The idea that selling through iTunes, YouTube, Netflix, and Amazon Instant Video might be a great way to reach new audiences is slowly beginning to register though there will be token complaints given that going to a pure-digital non-DRM’d format will finally put an end to the Betamax/VHS/DVD/Blu-Ray upgrade spiral for movies and the 8-track/16-track/CD/MP3 format spiral for music, meaning that once a person has bought the song, they won’t need to buy it again in a few years in a new format.

Still, the acknowledgement that a rush to file suit instead of trying to work with people and meet their needs or desires on the part of the ABA and its clients is a breath of fresh air in the increasingly litigious tech sector.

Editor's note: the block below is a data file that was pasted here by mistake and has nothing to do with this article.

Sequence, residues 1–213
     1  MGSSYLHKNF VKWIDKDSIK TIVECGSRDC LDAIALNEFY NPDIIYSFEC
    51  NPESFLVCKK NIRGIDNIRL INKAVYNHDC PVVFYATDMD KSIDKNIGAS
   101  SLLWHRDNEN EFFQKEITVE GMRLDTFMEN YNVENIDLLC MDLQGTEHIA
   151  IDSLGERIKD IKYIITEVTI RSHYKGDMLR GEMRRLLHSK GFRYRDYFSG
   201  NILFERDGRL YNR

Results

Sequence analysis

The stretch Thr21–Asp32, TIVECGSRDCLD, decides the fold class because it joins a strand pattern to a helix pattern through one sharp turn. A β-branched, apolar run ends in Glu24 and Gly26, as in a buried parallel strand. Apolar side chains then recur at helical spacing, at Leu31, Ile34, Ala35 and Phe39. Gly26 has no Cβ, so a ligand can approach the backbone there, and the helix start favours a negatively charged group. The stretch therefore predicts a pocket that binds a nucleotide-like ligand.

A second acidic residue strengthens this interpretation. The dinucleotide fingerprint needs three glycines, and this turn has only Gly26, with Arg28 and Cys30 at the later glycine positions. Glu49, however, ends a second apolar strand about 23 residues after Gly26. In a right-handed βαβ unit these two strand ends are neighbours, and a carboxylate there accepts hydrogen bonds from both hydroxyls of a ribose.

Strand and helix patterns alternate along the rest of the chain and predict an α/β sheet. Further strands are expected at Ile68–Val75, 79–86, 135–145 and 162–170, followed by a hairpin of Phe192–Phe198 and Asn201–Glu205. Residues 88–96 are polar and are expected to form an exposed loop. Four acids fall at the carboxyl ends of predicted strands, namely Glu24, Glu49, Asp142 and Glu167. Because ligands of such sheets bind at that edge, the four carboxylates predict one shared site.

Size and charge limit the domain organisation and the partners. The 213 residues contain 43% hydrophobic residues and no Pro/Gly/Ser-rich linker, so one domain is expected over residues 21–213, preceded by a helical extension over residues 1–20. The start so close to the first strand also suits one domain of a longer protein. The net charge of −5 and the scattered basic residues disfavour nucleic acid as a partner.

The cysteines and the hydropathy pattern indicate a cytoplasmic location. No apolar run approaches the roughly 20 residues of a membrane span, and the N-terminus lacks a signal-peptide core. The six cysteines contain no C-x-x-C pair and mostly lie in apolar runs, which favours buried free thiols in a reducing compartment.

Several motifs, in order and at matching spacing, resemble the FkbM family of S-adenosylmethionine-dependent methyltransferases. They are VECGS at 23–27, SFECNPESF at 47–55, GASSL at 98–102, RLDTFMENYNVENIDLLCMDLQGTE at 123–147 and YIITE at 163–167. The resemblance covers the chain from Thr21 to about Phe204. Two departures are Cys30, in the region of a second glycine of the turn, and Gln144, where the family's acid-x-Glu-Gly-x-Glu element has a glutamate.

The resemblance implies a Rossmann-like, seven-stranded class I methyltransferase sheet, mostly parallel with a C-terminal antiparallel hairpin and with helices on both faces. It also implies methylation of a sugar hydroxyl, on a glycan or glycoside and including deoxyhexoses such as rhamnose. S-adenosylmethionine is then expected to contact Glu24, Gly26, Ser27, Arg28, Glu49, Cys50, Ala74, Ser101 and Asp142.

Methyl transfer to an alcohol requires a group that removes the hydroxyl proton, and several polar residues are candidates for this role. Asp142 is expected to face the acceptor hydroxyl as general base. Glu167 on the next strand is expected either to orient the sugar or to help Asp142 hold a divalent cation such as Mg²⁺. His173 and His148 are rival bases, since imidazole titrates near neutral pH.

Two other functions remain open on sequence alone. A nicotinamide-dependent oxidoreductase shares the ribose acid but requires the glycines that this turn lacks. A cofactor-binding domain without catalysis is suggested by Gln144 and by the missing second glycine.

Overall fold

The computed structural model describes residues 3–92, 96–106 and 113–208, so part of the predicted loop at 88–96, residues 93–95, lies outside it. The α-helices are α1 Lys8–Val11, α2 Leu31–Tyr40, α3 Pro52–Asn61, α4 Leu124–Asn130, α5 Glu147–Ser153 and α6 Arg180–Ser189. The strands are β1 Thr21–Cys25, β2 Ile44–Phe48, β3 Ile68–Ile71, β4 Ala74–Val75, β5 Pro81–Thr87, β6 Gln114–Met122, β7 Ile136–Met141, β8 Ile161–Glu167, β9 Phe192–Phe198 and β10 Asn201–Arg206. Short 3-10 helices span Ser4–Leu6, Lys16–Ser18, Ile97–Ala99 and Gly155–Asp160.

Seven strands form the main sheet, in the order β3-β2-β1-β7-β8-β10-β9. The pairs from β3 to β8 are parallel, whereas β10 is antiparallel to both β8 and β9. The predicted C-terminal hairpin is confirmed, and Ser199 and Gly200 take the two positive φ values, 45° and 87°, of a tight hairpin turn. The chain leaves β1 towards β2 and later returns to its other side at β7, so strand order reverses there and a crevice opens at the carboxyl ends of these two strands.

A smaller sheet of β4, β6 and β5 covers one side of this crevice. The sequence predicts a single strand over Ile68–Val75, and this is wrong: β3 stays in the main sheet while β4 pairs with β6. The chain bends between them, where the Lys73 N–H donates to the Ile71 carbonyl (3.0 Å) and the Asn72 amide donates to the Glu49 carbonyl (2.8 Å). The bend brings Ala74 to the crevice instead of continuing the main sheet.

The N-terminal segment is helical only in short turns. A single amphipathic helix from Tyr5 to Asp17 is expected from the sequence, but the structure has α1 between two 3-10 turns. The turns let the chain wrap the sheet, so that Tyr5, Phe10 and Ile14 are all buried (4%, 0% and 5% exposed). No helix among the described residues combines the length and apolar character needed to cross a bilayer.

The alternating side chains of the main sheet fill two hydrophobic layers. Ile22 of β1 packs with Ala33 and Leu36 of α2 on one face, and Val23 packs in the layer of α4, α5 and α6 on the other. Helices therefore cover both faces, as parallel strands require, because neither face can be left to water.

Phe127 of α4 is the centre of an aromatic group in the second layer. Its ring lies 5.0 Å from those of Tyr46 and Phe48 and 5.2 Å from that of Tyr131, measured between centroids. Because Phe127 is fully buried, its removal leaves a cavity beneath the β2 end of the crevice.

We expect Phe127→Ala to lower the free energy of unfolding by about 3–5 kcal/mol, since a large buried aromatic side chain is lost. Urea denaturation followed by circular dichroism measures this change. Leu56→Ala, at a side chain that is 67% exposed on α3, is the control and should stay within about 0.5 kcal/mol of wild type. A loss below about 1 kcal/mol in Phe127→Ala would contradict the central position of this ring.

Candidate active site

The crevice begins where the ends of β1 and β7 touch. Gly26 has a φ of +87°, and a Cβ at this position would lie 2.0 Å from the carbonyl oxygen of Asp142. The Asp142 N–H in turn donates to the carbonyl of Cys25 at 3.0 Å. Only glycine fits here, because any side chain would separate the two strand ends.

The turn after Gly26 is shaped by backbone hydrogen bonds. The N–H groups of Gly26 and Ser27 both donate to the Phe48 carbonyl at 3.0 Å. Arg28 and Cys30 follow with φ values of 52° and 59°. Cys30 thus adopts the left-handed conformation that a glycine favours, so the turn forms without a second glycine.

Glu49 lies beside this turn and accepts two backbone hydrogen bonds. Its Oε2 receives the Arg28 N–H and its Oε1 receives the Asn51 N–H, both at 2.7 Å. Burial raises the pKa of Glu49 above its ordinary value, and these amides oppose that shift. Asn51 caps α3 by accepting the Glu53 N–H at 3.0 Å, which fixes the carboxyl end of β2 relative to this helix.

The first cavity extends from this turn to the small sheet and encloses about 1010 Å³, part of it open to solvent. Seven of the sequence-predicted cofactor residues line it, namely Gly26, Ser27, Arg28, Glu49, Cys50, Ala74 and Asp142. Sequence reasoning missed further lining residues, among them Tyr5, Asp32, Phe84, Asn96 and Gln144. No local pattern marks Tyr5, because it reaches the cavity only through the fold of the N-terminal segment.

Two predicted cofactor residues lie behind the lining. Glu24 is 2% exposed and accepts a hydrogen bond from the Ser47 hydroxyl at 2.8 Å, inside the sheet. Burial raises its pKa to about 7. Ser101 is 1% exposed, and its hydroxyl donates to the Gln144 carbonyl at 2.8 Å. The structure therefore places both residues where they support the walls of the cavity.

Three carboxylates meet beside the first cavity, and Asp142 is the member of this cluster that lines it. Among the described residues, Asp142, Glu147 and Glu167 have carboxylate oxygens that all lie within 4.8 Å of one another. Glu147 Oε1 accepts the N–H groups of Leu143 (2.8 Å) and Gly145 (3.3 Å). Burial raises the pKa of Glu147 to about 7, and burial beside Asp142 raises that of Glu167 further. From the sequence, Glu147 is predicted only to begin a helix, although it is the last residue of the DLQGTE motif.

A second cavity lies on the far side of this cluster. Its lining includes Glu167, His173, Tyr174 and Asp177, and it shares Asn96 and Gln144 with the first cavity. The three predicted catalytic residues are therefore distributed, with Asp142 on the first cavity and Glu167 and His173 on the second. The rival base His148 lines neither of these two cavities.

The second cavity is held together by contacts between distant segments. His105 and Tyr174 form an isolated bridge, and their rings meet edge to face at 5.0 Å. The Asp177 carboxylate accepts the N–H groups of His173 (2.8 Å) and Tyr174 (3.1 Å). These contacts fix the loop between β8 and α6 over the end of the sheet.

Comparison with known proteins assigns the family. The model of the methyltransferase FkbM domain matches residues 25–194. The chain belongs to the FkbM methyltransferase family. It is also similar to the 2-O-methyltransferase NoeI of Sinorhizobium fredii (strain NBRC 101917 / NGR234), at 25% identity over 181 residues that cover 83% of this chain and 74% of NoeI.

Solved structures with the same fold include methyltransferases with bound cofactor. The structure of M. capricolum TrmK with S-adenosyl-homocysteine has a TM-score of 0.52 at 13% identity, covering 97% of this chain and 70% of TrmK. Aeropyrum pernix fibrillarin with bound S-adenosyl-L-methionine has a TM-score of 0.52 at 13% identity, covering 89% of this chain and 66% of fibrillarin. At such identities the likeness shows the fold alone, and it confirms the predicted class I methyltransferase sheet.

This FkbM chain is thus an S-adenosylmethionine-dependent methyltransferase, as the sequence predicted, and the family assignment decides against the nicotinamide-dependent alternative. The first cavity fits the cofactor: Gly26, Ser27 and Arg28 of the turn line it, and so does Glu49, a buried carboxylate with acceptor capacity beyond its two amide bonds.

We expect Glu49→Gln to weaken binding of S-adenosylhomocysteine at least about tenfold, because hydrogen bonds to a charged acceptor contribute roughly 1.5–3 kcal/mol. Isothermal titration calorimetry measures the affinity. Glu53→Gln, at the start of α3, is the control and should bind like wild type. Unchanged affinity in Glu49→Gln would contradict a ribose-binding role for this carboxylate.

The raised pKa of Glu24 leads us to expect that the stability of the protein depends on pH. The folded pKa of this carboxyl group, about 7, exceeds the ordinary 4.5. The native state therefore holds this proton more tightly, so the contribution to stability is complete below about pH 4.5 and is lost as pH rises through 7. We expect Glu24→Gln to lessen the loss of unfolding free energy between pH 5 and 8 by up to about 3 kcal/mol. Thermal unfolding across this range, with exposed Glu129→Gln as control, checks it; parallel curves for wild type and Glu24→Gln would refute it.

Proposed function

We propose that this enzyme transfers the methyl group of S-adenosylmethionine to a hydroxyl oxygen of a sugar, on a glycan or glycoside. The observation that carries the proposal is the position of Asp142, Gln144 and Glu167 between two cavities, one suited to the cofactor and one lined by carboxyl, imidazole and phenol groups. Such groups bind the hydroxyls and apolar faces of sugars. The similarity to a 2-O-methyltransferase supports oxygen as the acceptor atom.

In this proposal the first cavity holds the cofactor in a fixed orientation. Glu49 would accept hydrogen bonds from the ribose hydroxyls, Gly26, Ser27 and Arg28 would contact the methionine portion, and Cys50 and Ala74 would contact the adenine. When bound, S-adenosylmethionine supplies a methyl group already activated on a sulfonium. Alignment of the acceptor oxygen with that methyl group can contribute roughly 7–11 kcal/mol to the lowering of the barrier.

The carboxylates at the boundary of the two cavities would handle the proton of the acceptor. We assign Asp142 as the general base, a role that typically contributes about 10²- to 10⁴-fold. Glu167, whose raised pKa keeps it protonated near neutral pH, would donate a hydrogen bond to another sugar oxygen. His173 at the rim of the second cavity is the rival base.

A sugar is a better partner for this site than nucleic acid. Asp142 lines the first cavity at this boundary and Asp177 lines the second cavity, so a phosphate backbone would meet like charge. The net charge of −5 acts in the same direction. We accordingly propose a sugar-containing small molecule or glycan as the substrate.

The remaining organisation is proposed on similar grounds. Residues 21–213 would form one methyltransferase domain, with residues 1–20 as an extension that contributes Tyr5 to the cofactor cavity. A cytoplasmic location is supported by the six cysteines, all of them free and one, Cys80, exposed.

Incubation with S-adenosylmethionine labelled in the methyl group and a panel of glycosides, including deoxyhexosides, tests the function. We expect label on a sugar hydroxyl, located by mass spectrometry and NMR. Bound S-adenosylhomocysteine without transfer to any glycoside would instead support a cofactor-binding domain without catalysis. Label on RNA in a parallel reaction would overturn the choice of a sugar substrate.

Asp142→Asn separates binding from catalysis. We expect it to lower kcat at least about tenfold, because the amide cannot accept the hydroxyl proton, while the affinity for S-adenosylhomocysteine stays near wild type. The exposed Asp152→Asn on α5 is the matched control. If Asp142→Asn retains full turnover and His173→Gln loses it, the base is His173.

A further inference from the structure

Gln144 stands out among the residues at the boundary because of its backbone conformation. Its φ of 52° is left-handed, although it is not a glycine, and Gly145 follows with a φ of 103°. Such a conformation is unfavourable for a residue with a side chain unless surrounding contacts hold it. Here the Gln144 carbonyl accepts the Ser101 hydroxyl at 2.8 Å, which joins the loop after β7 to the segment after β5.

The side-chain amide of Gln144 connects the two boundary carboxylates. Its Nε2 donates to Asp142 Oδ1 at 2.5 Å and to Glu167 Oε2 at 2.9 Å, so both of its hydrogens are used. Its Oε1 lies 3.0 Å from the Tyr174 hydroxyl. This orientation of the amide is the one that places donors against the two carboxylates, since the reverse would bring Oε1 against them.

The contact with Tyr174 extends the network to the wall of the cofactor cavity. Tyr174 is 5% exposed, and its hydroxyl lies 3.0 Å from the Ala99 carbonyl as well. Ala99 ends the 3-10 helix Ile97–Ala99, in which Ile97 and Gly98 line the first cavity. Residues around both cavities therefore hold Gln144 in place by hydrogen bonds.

Wrapping Up the Week

Wrapping Up the Week

Another Friday brings us to the end of another week in the world of technology. This week has been a busy one filled with the wake of the Aereo ruling from last week and the White House turning down the suggestion of the US Patent Office on a new lead following the outcry of the tech community. This week has also been a big week for wearables from Apple and Samsung, patent discussions, online law, computer crime talk, and much, much more.

All of these stories and more were covered on our Twitter feed this week. However, if you’re not following us on Twitter then we’ll recap the highlights for you below!

That’s it for this week, everyone. Have a great weekend and we’ll see you again next week!

Gravity Satellites Predicting Floods

Gravity Satellites Predicting Floods